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How to Write a Job Offer Letter

Julie Ritzer Ross
Julie Ritzer Ross

Learn why a job offer letter is important and what to include in it – and omit from it.

  • A job offer letter is a written communication sent to a prospective employee who has been selected for a specific position.
  • A job offer letter should provide the candidate with information on salary, job status, job duties, contingencies, supervision and starting date. It should be written in a professional yet friendly tone.
  • A job offer letter becomes legally binding once the employer and employee have both signed it, so it should be carefully worded and as accurate as possible to avoid misunderstandings and legal issues.
  • This article is for business owners and human resources professionals who are hiring and want to know the best practices for writing a job offer letter.

After interviewing candidates for an open position at your company, you've finally found a prospect who's the right fit for the job. Now it's time to extend a job offer. You may be tempted to make an offer in person at the end of the final interview or by telephone. While that's fine, it's essential to follow up with a written job offer letter.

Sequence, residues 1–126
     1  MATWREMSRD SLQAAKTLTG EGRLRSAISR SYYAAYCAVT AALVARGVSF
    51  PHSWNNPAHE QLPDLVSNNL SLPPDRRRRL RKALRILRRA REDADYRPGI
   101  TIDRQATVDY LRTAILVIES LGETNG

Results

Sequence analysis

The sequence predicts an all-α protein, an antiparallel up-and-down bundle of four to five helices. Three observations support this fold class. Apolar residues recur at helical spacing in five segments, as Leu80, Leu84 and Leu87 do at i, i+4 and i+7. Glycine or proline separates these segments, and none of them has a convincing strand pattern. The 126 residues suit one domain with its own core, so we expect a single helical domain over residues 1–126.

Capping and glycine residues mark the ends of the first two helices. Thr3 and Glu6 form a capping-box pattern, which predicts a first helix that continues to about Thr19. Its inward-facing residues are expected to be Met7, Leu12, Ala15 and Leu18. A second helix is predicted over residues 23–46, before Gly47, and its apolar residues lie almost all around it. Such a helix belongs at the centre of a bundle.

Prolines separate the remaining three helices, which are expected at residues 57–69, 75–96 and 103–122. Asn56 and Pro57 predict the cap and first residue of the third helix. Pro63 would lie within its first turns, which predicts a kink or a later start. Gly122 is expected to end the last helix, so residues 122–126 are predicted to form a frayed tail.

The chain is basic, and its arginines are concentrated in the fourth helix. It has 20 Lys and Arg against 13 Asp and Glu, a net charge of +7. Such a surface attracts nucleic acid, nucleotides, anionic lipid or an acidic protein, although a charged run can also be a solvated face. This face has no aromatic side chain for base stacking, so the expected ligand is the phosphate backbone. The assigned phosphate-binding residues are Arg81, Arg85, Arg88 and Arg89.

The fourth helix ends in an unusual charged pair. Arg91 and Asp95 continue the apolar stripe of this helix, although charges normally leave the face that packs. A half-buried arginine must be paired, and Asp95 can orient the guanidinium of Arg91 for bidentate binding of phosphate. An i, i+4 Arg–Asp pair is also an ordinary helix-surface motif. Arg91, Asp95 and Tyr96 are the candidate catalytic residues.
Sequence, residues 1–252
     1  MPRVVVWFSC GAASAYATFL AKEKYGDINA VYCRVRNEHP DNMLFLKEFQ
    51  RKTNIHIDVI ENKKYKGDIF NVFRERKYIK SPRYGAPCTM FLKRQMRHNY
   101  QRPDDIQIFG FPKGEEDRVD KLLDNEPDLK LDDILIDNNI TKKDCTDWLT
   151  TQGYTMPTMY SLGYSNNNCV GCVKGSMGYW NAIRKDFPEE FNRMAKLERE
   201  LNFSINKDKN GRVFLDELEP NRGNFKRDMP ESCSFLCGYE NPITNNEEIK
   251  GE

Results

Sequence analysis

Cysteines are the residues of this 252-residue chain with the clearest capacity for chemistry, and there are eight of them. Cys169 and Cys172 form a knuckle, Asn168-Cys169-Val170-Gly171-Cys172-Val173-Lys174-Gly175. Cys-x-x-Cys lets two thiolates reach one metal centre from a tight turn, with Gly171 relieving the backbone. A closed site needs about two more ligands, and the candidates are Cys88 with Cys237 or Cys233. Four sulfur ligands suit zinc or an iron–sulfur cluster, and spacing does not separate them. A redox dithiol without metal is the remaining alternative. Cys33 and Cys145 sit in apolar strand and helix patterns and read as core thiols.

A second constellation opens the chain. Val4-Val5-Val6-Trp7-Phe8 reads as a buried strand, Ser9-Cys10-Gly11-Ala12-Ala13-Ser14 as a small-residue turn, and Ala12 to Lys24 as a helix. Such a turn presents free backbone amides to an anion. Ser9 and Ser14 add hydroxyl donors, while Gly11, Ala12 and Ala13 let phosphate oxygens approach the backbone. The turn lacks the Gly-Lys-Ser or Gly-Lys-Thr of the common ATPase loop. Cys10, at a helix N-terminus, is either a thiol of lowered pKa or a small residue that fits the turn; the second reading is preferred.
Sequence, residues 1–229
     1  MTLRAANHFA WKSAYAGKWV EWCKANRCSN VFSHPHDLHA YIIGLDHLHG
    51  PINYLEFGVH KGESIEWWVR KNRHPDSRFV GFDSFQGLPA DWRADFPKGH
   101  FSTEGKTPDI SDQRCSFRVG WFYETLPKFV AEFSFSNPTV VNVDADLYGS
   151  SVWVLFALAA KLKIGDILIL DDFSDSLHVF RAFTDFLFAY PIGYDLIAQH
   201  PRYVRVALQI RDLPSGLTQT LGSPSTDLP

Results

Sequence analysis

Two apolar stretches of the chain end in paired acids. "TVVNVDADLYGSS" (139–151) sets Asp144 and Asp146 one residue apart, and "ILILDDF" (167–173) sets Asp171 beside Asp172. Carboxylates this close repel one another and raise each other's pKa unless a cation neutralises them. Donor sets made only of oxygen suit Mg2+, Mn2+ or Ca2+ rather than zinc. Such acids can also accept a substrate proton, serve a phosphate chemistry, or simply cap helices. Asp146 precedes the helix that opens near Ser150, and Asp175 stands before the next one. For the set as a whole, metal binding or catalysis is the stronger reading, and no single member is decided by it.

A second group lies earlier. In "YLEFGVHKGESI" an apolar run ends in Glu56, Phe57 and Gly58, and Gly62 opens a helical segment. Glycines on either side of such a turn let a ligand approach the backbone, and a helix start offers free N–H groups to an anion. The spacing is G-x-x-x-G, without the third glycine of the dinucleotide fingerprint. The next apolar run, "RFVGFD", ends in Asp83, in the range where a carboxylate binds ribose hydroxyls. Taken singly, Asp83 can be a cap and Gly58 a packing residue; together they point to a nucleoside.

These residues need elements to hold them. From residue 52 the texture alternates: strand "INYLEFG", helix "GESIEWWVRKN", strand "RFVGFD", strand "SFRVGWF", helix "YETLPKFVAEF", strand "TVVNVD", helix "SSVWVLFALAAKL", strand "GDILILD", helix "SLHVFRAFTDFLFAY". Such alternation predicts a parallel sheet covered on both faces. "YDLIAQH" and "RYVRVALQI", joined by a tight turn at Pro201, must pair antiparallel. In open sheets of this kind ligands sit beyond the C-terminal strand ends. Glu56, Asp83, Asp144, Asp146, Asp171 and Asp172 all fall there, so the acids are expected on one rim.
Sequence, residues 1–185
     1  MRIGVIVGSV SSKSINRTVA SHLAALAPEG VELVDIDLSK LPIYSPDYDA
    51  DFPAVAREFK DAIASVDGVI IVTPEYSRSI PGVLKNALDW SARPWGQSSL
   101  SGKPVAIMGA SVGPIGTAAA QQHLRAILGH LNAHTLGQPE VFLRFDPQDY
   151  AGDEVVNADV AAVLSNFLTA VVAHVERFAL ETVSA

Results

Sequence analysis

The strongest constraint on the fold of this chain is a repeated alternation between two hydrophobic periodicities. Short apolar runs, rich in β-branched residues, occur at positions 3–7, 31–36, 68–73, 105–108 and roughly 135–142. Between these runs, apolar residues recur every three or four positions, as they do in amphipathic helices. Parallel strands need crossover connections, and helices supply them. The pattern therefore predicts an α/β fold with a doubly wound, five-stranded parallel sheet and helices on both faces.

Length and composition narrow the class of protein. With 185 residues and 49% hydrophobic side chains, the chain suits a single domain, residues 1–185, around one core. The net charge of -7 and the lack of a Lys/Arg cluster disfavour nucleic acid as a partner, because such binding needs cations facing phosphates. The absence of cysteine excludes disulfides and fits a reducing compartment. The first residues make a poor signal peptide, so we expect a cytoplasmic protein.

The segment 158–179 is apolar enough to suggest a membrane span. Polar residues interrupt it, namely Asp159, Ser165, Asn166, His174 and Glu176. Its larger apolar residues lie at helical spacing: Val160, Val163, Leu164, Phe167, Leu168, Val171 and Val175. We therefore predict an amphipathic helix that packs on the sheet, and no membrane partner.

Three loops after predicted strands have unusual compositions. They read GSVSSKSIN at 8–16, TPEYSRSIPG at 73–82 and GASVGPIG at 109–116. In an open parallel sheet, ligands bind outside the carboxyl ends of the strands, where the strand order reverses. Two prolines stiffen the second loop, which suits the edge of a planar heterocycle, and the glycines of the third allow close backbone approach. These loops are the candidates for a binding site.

What is a job offer letter, and why should I send one?

A job offer letter is an official offer of employment – an invitation for someone to work for your company. It lays out critical information such as what the prospective employee's title, salary and available benefits will be if they take the position.

Sending a job offer letter to a prospective employee is valuable because seeing the details in writing may help the candidate weigh their options and decide whether to accept. The faster you get a decision, the sooner you can start the onboarding process or move on to the next candidate (if the individual declines your offer).

A job offer letter also makes sure your company and the prospective new hire are on the same page about the job's details. Less confusion means less back-and-forth between you and the candidate while the offer is on the table and fewer problems in the future.

Should a job offer letter be an email or a traditional letter?

You can convert a paper job offer letter to an electronic (PDF) file and email it to the candidate as an attachment. However, many human resources professionals and business owners believe it's better to print out a paper copy of the letter and send it to the prospective employee via overnight delivery service, such as USPS Express Mail, FedEx or UPS.